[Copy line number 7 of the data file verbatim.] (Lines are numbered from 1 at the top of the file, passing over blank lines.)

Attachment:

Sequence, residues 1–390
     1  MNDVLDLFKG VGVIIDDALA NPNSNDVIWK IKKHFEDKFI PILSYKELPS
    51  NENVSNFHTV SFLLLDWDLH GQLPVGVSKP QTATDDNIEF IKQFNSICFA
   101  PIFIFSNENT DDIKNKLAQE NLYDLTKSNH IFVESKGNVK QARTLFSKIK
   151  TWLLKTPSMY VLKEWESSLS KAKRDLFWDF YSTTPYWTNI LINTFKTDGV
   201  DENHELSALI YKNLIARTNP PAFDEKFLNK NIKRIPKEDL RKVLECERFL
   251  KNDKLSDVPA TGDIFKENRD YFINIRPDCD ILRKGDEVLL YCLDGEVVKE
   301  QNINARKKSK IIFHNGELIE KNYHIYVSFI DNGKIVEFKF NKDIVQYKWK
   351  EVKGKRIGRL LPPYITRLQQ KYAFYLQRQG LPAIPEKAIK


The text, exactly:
   251  KNDKLSDVPA TGDIFKENRD YFINIRPDCD ILRKGDEVLL YCLDGEVVKE